The third act is when the character makes it to the top of the mountain only to find out he needs to face a dragon in order to survive. In Pinocchio’s case it was a whale. The third act begins at what ever point sets off the chain reaction for the climax of the picture. In Pinocchio you can say the third act begins when Pinocchio sets out to find his father. After defeating Monstro the whale and saving his father there is one scene showing Pinocchio being turned into a real boy and Jiminy Cricket closing the book to a happily ever after ending. As McDonald says, the key is to not have too much story after the climax of the film, just enough to let us all know life goes on.

The Pinocchio story was not overly complicated. As I said before, Walt was an expert at simplicity in his plots. However this does not mean the movie was easy to make. Disney and his artists worked very hard to figure out the meaning behind the stories he was telling. Creating meaning is actually the hardest part of storytelling. We as storytellers need to have something relevant to say.  I will touch up more on this subject in my next Invisible Ink post.

Instead of putting extra time into making a story more complicated, find ways to simplify it. Simplicity is key. What the audience wants is an interesting world to explore and characters to get to know. Understanding this is crucial. Plot can often get in the way of these things.

Just like the drawing on the top of the post, you must get rid of all the lines that are not necessary for telling the story you want to tell. With the medium of animation in general the filmmaker’s job is not to create a realistic replica of life. The filmmaker’s job is to simplify until all we see is a few lines that describe the characters and environments on screen. This simplicity allows the audience to follow the characters’ movements more easily and not get distracted by the backgrounds. Storytellers could learn a lesson from the medium of animation. All animation is, is a few lines that move creating the illusion of life. All storytelling is, is a few words put together in order to let our imaginations run free. Too many lines or too many words can ruin it all.

Invisible Ink-Beginnings

Posted in Uncategorized by Jacob on April 4, 2011

I just started reading this insightful book by Brian McDonald called Invisible Ink (Click on the title to go to the Amazon page). In a effort to understand the book to a fuller extant I am going to start a series on what I have personally gotten out of reading each chapter. So each one of the posts that come from me studying this book will start with the title “Invisible Ink”. However, my goal is not to copy and paste from the book. My goal is to use this blog as a testing device to see if I am able to own the material I am reading and give you my personal perspective on what Invisible Ink means.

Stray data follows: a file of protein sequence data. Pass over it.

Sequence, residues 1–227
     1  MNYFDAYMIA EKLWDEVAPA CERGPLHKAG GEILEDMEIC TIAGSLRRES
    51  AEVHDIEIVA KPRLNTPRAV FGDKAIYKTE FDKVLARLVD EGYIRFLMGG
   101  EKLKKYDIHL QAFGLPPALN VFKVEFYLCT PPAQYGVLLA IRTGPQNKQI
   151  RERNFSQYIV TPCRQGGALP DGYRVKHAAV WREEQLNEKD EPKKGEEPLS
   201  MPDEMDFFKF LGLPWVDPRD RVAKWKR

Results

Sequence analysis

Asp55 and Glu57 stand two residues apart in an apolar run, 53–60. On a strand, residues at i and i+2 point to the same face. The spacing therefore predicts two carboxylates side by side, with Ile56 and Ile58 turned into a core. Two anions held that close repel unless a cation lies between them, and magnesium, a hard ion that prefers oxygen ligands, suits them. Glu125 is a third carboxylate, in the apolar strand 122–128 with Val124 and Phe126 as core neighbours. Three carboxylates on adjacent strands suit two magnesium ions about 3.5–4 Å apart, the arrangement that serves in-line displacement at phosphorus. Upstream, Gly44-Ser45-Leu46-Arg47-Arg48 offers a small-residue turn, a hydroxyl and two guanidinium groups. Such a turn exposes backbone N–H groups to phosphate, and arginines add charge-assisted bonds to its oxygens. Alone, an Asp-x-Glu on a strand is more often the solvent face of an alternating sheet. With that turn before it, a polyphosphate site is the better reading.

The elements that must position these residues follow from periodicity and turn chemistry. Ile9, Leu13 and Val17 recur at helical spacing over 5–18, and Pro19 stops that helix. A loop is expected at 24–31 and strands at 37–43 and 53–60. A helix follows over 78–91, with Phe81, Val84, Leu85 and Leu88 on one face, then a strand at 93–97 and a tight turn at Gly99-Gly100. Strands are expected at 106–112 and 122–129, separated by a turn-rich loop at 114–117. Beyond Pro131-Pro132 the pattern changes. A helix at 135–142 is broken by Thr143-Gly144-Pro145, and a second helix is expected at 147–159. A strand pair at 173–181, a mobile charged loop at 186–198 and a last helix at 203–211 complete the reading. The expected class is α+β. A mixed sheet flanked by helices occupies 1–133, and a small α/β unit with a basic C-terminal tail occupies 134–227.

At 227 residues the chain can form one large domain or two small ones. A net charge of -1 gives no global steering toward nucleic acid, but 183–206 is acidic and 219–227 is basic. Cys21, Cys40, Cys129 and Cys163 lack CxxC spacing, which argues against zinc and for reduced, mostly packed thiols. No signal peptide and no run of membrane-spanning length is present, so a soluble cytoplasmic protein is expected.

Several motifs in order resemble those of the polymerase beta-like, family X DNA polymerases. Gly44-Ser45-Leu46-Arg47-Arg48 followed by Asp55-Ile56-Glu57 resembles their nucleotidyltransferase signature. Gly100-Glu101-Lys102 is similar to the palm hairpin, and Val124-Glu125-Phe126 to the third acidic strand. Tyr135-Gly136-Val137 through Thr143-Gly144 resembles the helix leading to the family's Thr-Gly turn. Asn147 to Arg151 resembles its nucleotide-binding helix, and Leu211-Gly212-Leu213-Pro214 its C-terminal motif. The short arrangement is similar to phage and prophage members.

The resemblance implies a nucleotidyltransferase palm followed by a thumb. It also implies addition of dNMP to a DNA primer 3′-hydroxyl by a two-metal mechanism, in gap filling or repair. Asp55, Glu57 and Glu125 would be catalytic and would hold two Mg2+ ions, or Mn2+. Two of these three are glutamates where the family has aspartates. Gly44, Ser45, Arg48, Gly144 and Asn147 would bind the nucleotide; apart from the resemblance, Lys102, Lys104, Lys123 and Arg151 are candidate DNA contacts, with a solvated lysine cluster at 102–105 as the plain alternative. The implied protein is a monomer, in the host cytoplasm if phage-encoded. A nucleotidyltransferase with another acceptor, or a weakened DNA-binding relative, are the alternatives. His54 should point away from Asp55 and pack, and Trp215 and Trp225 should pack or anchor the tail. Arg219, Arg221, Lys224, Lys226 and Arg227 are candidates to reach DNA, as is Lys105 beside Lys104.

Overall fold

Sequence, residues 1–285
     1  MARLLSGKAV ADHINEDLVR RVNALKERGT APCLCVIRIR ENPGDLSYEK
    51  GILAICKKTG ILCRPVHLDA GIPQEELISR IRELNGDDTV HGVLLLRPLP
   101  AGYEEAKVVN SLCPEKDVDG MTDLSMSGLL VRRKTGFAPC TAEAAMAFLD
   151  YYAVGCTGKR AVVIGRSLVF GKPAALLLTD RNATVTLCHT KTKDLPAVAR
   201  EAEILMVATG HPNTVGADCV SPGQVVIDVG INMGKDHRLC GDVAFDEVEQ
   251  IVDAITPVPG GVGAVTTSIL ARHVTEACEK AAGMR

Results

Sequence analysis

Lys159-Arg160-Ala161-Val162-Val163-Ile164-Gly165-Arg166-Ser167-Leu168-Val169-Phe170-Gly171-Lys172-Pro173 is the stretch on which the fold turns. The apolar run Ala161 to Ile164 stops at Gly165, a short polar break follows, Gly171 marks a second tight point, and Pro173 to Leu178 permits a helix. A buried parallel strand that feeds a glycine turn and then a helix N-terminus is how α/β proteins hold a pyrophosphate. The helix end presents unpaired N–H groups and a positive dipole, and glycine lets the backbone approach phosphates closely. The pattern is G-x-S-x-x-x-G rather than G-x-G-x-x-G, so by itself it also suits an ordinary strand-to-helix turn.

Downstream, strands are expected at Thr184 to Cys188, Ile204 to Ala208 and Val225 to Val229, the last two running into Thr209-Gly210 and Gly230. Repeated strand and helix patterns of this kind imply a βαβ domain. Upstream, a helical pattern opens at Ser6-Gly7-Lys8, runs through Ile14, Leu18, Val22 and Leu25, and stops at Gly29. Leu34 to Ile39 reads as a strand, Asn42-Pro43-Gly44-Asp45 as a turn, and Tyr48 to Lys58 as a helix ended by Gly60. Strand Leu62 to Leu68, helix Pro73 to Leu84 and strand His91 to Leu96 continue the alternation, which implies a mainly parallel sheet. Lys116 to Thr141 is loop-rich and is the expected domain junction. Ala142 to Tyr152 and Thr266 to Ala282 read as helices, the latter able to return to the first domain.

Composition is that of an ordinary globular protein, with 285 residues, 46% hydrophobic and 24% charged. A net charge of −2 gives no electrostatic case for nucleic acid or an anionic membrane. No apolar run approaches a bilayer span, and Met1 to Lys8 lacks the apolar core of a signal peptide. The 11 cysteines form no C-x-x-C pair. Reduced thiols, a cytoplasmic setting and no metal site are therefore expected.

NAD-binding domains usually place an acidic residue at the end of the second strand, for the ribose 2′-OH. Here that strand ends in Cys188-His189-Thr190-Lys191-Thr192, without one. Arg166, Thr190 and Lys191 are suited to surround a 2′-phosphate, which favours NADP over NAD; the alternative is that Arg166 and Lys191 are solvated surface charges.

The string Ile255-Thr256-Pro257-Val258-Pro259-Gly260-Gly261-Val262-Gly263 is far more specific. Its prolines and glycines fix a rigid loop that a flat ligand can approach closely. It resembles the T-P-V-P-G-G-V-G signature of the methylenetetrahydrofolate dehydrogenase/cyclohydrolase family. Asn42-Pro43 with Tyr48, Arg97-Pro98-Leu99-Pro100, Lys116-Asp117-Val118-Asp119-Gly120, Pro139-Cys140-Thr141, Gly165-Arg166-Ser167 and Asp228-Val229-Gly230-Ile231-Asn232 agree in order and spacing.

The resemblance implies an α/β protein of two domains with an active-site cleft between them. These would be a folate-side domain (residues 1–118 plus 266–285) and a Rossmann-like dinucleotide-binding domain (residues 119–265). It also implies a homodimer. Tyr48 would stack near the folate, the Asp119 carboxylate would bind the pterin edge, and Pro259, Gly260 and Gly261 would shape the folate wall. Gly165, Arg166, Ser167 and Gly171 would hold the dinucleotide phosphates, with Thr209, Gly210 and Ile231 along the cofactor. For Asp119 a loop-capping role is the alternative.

I have found most of the lessons in this book, so far, are not new to me. However, Brian has expressed them in such a structured way that I have found them easier to understand.

As Brian McDonald puts it, “Invisible ink is the writing below the surface of the words”. It is crucial before we get too far into the facts of the story we are creating, we think about the meaning behind it. When we are able to figure out the meaning of our story everything else starts to fall into place. Film is not just made up of duologue and the dialogue we do see can never be taken at face value.

All the obvious points of a story need to have a greater meaning that are not obvious to the audience. When we look at a movie like Pixar’s Up, we don’t just see a story about a old man flying his house with balloons. We see a story about a man who wants to go on an adventure and flies away in his house because he wants to get away from the rest of the world. In essence the flying house represents a need to be alone along with a need to uproot oneself from tradition in order to experience the world or life in general in a new way. The grand adventure the old man Carl and his neighbor Russell go on is only a story device to make them, along with the rest of the audience, understand the beauty of the quite moments in life.

The underline meaning of a story is much more difficult for one to figure out. But here lies the key to great storytelling. The true beauty of a story comes from the invisible ink. It comes from the things that are not necessarily said but are communicated through the foundations of the story and characters you have created.

You as a person might be able to talk the smooth talk and have all the right looks on the outside. However, if what you say and what you do does not ring true with others on the inside you will quickly be forgotten. The same concept goes with storytelling.